Writing Books for Writers | The Deer on a Bicycle, by Patrick McManus



Writing books can often be dull, at least the ones that try to be too authoritative can be. So, I was pleased when I found that Patrick McManus’ Deer on a Bicycle doesn’t fit that mold.

McManus’ short stories are always a delightful treat full of sweet surprises. How yummy it is to find a writing book written by this master of country humor that not only incorporates a lot of his know-how, but also demonstrates it time after time through the pages of his short stories. I enjoy when any author breaks one of his stories down for me and tells me why he made the decisions he did, and McManus manages that task time after time throughout this book.

McManus’ book is set up so that there is a lot of discussion in the first half about the techniques of writing humorous fiction. It is in the latter half of the book that McManus demonstrates the application of these techniques. No one who has ever read a McManus story can forget the adventures of Rancid Crabtree, Retch and the other characters that live in McManus’s created world–at least I hope it is a created world. In this book McManus has collected a dozen of his favorite stories including the title story, and each story has its own commentary. This is an almost unprecedented opportunity to hear from a practicing professional the how and why of his story telling.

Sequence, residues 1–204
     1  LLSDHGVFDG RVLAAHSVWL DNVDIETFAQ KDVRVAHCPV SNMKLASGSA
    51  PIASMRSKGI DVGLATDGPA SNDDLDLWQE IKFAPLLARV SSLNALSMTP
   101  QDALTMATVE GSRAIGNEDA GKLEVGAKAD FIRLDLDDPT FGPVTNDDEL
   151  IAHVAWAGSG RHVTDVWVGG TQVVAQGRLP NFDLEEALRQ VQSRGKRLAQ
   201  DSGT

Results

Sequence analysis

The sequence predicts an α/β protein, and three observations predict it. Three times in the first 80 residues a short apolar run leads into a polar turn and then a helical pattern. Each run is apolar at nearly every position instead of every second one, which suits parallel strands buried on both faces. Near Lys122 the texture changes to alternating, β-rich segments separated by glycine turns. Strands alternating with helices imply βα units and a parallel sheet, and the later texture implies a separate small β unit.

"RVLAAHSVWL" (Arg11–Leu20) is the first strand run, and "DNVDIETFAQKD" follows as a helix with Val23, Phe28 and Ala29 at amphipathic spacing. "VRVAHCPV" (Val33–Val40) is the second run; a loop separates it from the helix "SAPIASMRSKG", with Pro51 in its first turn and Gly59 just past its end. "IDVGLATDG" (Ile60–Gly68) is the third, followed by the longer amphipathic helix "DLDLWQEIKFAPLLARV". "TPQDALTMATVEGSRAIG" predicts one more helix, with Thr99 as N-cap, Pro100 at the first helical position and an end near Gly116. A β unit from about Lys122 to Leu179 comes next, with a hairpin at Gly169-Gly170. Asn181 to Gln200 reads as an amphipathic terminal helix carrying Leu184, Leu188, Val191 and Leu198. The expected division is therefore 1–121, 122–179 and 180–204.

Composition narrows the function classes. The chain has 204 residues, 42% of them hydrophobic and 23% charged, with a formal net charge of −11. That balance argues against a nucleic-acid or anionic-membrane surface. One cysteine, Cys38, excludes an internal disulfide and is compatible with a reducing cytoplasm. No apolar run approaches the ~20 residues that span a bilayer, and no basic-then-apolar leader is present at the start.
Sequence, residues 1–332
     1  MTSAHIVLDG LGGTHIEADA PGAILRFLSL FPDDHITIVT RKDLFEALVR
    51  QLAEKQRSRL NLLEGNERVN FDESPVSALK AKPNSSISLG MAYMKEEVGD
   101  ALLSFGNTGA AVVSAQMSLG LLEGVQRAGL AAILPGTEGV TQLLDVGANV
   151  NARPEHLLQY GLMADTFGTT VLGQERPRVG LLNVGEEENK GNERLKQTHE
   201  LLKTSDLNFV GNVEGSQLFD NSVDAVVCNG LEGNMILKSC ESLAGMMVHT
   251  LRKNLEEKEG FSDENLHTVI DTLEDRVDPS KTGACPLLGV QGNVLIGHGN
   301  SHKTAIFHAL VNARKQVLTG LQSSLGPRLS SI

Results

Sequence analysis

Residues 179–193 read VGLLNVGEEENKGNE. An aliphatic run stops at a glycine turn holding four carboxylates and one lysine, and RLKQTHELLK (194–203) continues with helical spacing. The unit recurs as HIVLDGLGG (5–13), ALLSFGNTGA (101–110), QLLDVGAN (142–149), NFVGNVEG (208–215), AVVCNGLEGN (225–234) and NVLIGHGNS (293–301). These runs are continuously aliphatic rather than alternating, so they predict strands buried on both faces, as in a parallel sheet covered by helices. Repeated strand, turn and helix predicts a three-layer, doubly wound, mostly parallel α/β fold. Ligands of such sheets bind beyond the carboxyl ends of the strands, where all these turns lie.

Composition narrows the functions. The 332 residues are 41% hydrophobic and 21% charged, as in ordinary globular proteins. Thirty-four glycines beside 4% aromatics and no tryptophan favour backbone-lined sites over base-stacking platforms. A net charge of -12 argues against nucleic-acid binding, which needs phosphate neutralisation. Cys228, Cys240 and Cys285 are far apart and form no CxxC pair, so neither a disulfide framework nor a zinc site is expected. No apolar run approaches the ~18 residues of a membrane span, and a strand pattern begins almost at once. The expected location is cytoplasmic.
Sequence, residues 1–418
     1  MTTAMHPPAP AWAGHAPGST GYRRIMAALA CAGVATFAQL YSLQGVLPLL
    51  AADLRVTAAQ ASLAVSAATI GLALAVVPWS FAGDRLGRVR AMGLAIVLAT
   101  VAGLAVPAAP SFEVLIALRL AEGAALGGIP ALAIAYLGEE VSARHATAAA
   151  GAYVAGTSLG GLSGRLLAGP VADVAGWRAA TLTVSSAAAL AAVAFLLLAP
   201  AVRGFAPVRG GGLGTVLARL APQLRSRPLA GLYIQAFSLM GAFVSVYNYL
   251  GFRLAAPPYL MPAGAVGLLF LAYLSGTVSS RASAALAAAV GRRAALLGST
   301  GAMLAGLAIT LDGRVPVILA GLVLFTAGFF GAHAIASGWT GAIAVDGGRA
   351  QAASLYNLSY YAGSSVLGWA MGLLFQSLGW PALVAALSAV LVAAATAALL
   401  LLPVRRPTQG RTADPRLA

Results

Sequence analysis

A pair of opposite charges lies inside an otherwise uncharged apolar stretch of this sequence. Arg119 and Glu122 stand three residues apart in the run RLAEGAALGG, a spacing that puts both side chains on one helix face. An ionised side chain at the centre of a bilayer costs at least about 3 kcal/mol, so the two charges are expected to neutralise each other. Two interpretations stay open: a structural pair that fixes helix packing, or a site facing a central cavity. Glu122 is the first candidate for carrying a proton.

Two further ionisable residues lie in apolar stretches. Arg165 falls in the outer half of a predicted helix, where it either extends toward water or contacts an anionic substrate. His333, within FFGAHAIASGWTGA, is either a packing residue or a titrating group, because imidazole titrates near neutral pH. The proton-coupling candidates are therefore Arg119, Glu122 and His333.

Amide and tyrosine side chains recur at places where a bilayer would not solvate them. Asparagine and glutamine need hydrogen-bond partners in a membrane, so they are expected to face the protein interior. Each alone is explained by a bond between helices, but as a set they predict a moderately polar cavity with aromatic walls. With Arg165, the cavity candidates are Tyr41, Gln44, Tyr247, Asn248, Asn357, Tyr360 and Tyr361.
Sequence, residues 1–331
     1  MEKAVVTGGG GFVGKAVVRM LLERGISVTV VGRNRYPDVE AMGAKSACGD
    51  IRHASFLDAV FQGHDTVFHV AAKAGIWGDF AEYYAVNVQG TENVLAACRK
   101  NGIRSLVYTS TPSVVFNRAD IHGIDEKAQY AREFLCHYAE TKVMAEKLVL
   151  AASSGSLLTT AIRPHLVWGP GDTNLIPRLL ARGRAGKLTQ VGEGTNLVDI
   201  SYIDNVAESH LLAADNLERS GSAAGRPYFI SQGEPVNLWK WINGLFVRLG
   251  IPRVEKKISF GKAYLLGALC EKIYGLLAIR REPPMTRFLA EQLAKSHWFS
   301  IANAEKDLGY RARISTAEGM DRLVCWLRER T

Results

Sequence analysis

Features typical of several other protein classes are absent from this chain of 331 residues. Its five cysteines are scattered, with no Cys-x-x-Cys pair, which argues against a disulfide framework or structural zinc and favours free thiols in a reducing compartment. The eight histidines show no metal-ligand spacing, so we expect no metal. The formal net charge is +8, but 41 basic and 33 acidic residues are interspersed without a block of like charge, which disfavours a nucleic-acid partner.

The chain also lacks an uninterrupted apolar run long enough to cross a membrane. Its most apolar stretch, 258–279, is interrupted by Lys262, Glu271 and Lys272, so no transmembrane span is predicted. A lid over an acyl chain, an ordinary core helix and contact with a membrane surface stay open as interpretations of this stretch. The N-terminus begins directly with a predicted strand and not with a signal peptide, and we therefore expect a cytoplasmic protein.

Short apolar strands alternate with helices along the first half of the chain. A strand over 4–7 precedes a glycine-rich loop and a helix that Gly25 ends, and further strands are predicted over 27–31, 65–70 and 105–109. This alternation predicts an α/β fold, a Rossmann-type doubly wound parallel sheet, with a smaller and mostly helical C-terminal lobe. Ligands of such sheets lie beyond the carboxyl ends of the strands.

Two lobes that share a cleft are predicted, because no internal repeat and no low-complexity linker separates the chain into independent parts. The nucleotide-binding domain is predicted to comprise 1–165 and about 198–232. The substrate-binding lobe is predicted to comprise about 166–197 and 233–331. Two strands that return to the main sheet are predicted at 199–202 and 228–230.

The Deer on a Bicycle is a fun book to read, and while McManus’ insights were not as earth shaking for me as a few of the writing books I’ve read, the book provided me almost as much entertainment as education. That is a claim that very few other writers have been able to make. McManus has stewed up something unique and I’d say if you don’t want to own it, you should at least read it. This is a book for beginning and middle writers, with middle writers who have already mastered the basics of storytelling perhaps getting more than the beginners. It is very easy to read and there are tips for everyone.

I’m rating this one as an intermediate book. Beginners will find something too, but not the basic nuts and bolts of how to begin. McManus assumes you can do that already.

Four stars overall.

Four stars for ease of reading.

Four stars for usefulness of information.

~ enjoy. H. Midiam

Comments are closed.